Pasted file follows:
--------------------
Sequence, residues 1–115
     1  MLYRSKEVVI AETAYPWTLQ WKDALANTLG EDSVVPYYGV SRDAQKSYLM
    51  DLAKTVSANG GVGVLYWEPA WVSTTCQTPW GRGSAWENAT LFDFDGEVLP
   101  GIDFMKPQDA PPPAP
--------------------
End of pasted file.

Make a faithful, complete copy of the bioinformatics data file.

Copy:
Sequence, residues 1–115
     1  MLYRSKEVVI AETAYPWTLQ WKDALANTLG EDSVVPYYGV SRDAQKSYLM
    51  DLAKTVSANG GVGVLYWEPA WVSTTCQTPW GRGSAWENAT LFDFDGEVLP
   101  GIDFMKPQDA PPPAP